Some of the most perplexing and frustrating experiences that technologists have are with politics and social policy. There are issues that have overwhelming data and scientific analyses to support a position, but value systems based on economics, religion, and/or misinformation are relied upon instead—usually to the consternation of the scientists and engineers. Examples abound, from issues such as the anthropogenic contributions to climate change, the safety of childhood inoculations, and the nature of evolution. Amazing to most of us, there are even those who are certain the Earth is flat! Furthermore, to hold some of these positions requires also believing that scientists are either ignorant or corrupt.
Computing is not immune to these conflicts. One that is currently playing out involves encryption, and what (if anything) should be done to regulate it. Some officials involved in law enforcement and in government are concerned about the potential impact of encryption and wish to restrict how and where it can be used. Many computing professionals have a different set of views, and stress that restrictions to weaken encryption will be much more harmful than helpful.
The following letter was published in the Letters to the Editor of the June 2016 CACM (http://cacm.acm.org/magazines/2016/6/202652).
I was disappointed by Eugene H. Spafford's column "The Strength of Encryption" (Mar. 2016) in which Spafford conflated law enforcement requests for access to the contents of specific smartphones with the prospect of the government requiring backdoors through which any device could be penetrated. These are separate issues. Even if the methods the FBI ultimately used to unlock a particular Apple iPhone 5C earlier this year are too elaborate for the hundreds of encrypted or code-protected phones now in police custody, the principle that it is a moral if not legal responsibility for those with the competence to open the phones do so would still be relevant.
Unlocking an individual phone would not legally compel a backdoor into all Apple devices. Rather, Apple would have to create and download into a particular target phone only a version of iOS that does two things return to requesting password entry after a failed attempt, without invoking the standard iOS delay-and-attempt-count code and allow password attempts at guessing the correct password be submitted electronically rather than through physical taps on the phone's keypad. The first is clearly trivial, and the second is, I expect, easily achieved.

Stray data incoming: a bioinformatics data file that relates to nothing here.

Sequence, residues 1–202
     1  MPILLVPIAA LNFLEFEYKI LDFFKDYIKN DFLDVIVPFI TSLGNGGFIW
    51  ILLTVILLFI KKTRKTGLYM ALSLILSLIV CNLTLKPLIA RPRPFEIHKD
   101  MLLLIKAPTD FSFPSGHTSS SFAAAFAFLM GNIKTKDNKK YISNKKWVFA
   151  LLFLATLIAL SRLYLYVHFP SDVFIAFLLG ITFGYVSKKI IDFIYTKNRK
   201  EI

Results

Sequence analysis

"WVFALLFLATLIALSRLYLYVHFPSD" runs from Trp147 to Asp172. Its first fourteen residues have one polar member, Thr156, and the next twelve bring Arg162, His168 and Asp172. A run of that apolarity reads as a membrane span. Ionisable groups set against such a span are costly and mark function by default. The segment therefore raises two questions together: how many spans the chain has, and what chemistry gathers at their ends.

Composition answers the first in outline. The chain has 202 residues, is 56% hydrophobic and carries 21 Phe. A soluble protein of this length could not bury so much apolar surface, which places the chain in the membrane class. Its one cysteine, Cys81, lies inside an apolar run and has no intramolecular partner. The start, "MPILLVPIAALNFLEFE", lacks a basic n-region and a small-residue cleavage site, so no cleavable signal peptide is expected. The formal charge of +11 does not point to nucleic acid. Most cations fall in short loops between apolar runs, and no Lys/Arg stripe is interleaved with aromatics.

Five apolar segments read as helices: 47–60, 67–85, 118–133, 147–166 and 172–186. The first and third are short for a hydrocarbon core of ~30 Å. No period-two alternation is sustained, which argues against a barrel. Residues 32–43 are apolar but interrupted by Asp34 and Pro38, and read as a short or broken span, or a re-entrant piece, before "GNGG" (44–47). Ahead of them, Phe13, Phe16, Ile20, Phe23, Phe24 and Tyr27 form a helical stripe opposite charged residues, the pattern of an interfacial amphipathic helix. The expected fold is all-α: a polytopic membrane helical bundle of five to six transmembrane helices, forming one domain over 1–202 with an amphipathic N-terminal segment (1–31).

The FBI would then observe, at an Apple facility, the modified iOS being downloaded and be able to run multiple brute-force password attempts against it. When the phone is eventually unlocked, the FBI would have the former user's correct password. Apple could then reload the original iOS, and the FBI could take away the phone and the password and access the phone's contents without further Apple involvement.
No backdoor would have been released. No existing encryption security would have been compromised. Other law-enforcement agencies, armed with judicial orders, would likewise expect compliance and should receive it.
The secondary argument that should Apple comply and authoritarian regimes worldwide would demand the same sort of compliance from Apple, as well as from other manufacturersis a straw man. Since Apple and other manufacturers, as well as researchers, have acknowledged they are able to gain access to the contents of encrypted phones, other regimes are already able to make such demands, independent of the outcome of any specific case.
R. Gary Marquart
My column was written and published before the FBI vs. Apple lawsuit occurred and was on the general issue of encryption strength and backdoors. Nowhere in it did I mention either Apple or the FBI. I also made no mention of "unlocking" cellphones, iOS, or passwords. I am thus unable to provide any reasonable response to Marquart's objections as to items not in it.
Eugene H. Spafford
West Lafayette, IN
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